The data tracks plotted across the two regions, 3q26.2 and 8q24.21, are a. association trend test p-values from a CRC GWAS as a colour intensity track, b. significant Hi-C interactions (3 kb resolution; determined from Hi-C experiments on 3 CRC cell-lines, LS174T, LoVo and Colo205), c. ChromHMM functional annotation, d. CRC GWAS trend test association p-values as a SNAP plot (with SNP type (imputed/typed), values and recombination rate). The figure includes a title, gene tracks for both scales and a legend.
This figure shows the same two regions as Figure 1, 3q26.2 and 8q24.21. The data tracks plotted are the significant 3 kb Hi-C interactions (determined from 3 CRC cell-lines, LS174T, LoVo, Colo205), displayed as arches this time, as well as the corresponding, un-normalised Hi-C reads from the LS174T cell-line as a heat map. Also shown are some manual annotations to highlight the LD block within which one end of the significant interactions have to lie to be plotted, as well as the top CRC risk associated SNP in the LD block, rs6983267.
Figure 1 shows association p-values from a colorectal cancer (CRC) GWAS across two regions (3q26.2 and 8q24.21), annotated with Hi-C and ChromHMMM data. The figure demonstrates all three main features of visPIG: i) ability to plot two distinct regions from two different chromosomes, ii) display of multiple data types and iii) zooming in on one specific sub-region. Furthermore, the software allows a title, a legend and track letters for easily referencing the individual data tracks in the caption. Figures 1a 1b show how visPIG allows direct comparison of the GWAS p-values and the 3kb Hi-C interactomes of 3q26.2 and 8q24.21. Note that the two regions are shown on exactly the same scale. Zooming in on the region directly surrounding the highest CRC association signal, rs6983267, makes it possible to study the association data in more detail for the LD block containing rs6983267 (Figure 1d), and to highlight the functional features in this region (Figure 1c).
All input files and parameter values necessary to produce Figure 1 can be downloaded from the example section of the visPIG website.
Figure 2 shows the same two regions as in Figure 1, but displays only Hi-C data. The interactions are plotted in a different style and visPIG's heatmap and feature annotation tracks are showcased. Plotting Hi-C interactions as arches, allows to display the strength of individual interactions; here the p-values of the interactions determine the height and colour intensity of the arches. Zooming in on a sub-region shows the raw, binned Hi-C data that has been used to determine which interactions are significant.
There are a number of visualisation programs and toolkits available. These include the WashU Epigenome Browser , the Integrative Genomics Viewer (IGV) ,, the UCSC Genome Browser , Circos  and the Broad Institute's SNAP regional association plotting interface . Table 1 lists the capabilities of these applications. While some applications, notably IGV, the WashU Epigenome Browsers and the UCSC Genome Browser, are better suited for data exploration, visPIG is the only application that can produce publication-ready graphs with the above mentioned capabilities. Circos has similar capabilities (multi-track, -region -scale), but has no interface, making it less accessible to users not familiar with executing programs from a terminal, legends have to be added manually and all figures produced by Circos are circular, which may not be appropriate for all situations. The WashU Epigenome Browser is an extremeley powerful data exploration and visualisation tool and also has similar capabilities than visPIG. It is multi-track and multiple panels can be juxtaposed, which allows plotting several regions at different scales. In visPIG's case the different regions are always plotted at exactly the same scale, with only zoomed regions being at a different scale. The Epigenome Browser is more flexible, but in practice it is difficult to get different regions to be plotted at exactly the same scale, and we were unable to indicate where the zoomed panel is located on the full view. The panels will also share the same tracks, whereas for a zoomed view one might want to highlight different data. Legends are available, but are not included on the output figure, onto which they need to be added manually.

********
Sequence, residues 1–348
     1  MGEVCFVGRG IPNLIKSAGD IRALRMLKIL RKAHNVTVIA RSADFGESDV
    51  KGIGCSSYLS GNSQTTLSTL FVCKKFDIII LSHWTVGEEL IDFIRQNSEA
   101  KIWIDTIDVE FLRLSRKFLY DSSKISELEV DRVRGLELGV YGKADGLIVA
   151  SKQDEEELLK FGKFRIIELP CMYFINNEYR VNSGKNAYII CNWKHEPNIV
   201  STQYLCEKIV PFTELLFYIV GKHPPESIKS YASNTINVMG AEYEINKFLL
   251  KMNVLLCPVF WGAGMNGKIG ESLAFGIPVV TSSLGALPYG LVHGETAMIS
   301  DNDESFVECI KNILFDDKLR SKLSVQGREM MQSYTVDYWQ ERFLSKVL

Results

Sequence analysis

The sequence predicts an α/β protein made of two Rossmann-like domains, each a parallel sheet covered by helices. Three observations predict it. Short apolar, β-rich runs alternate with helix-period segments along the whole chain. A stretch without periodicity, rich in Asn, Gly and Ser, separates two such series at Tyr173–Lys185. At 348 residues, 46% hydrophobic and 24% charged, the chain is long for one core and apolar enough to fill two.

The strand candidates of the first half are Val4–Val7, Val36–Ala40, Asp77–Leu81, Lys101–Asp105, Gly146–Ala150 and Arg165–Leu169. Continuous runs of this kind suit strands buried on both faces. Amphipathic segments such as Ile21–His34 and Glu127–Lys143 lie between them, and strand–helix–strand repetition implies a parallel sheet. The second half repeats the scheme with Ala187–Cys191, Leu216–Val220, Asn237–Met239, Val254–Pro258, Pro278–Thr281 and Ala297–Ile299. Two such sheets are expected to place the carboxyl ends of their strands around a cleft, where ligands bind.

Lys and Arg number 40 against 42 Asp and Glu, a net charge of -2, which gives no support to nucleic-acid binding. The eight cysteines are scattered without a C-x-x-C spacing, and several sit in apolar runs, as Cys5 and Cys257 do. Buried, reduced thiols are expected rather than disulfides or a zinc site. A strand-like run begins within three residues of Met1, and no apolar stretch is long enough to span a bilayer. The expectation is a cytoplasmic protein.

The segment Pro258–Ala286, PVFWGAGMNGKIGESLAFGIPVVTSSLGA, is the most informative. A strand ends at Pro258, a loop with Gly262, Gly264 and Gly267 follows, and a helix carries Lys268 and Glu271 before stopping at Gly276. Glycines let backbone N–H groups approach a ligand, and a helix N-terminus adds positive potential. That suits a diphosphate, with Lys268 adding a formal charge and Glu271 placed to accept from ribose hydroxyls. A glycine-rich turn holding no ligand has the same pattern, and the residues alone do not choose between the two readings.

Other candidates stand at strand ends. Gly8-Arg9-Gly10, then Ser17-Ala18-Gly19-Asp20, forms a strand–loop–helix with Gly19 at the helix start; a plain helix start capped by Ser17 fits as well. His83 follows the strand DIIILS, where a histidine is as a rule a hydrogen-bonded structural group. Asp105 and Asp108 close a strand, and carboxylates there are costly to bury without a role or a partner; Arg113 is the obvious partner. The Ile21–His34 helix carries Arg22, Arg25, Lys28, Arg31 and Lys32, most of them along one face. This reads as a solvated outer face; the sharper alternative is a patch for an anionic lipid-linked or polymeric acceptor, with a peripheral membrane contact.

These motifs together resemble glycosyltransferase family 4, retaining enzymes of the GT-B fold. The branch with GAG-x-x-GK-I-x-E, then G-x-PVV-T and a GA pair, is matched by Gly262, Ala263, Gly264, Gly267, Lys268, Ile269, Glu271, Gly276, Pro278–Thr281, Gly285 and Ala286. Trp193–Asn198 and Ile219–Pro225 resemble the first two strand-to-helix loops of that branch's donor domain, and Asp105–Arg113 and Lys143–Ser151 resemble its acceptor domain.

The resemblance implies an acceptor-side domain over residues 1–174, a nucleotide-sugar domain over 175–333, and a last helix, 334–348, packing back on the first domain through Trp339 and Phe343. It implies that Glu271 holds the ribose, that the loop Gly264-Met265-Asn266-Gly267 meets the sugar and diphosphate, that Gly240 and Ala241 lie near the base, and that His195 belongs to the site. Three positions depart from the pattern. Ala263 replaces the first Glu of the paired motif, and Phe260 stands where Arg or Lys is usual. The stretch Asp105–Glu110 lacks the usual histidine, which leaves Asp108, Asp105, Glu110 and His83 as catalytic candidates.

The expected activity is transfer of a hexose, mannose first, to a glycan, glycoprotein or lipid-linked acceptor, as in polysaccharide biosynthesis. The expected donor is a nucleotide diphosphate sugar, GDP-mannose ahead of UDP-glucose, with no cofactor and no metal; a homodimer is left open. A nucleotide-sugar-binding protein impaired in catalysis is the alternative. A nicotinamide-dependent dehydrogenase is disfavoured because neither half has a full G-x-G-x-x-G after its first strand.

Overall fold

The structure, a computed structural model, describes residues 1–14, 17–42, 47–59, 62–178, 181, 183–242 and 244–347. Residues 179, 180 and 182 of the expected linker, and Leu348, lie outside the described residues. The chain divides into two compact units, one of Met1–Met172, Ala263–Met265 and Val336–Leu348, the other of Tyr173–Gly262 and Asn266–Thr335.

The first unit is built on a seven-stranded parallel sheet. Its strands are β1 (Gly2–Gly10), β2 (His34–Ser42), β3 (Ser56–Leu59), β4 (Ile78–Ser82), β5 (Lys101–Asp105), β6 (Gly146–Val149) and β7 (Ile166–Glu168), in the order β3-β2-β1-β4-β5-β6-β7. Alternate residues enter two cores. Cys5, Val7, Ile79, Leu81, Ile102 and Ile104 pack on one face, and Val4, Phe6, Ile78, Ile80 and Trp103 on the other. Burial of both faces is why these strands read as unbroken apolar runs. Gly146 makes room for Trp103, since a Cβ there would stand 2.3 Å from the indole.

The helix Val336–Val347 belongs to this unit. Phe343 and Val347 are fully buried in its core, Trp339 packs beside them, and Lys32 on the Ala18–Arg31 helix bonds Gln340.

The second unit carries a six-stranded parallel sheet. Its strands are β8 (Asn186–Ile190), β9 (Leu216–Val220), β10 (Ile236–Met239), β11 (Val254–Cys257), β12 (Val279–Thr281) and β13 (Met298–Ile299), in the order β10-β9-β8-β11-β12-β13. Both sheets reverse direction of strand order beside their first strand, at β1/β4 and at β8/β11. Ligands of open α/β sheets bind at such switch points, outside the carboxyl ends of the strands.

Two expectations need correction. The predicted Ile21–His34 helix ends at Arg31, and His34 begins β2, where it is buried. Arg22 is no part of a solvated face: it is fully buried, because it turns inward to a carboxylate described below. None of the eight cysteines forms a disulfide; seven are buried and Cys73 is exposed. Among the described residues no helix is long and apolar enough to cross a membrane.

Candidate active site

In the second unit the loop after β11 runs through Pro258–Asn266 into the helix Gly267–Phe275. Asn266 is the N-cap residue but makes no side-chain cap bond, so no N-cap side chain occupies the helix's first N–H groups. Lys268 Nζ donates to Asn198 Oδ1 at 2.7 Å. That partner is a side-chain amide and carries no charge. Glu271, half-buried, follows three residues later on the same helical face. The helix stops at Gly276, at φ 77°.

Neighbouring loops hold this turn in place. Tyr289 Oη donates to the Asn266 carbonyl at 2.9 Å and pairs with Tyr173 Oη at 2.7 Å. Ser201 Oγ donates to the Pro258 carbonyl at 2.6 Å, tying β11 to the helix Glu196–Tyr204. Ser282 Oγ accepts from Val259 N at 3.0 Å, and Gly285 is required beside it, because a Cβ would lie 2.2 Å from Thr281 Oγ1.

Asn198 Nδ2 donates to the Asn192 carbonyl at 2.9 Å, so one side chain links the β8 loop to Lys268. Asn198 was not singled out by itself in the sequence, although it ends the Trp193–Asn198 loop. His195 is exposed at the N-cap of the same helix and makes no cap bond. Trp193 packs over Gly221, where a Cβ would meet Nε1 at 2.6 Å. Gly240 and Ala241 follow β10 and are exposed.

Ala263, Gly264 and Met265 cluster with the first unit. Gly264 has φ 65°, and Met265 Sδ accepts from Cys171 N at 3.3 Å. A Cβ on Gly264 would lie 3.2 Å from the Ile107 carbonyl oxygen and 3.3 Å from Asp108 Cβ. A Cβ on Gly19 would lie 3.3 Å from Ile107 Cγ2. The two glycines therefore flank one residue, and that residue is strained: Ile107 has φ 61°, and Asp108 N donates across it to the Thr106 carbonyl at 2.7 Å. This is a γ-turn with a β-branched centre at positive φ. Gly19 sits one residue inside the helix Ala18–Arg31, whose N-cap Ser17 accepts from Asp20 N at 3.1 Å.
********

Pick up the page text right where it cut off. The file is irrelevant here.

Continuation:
We conclude that apart from directly programming one's own toolkit using R, Matlab®, Python or similar, we are not aware of any other software that combines visPIG's three core capabilities (plotting multiple datasets for multiple regions at multiple scales), can add add legends directly onto the output figure and has an easy-to-use graphical user interface.
Materials and Methods
The main visPIG code has been written in R. The complete R code can be downloaded from the visPIG website and does not require installation of any additional R libraries. The R code is intended to be run locally from the command line (i.e. without any graphical user interface as provided on the webpage). Running visPIG locally is required for users with sensitive data that cannot be uploaded to the visPIG server, or with very large data files. The R code is provided freely under a GPLv3 license.
The web application is generated by the R library shiny , and hosted on a linux server running the server software shiny-server, which has been developed for hosting R shiny applications. The menu layout has been designed using html and css.
We wish to thank the ICR Scientific Computing Team for funding the visPIG server. Specifically we want to thank Jon Lockley, Peter Thompson and Mark Allen for their assistance with building and configuring the server hosting visPIG.
The visPIG SNAP track makes use of modified R code from the Broad Institute's SNAP regional association plotting script, freely available online (http://www.broadinstitute.org/mpg/snap/ldplot.php).
Contributed reagents/materials/analysis tools: MH MS RJ GM RSH. Contributed to the writing of the manuscript: MH. Design of visPIG: MH. R code: MH MS. Web interface: MS MH. Further input and feedback: GM RJ RSH. Obtaining of funding: RSH. Project supervision: MH.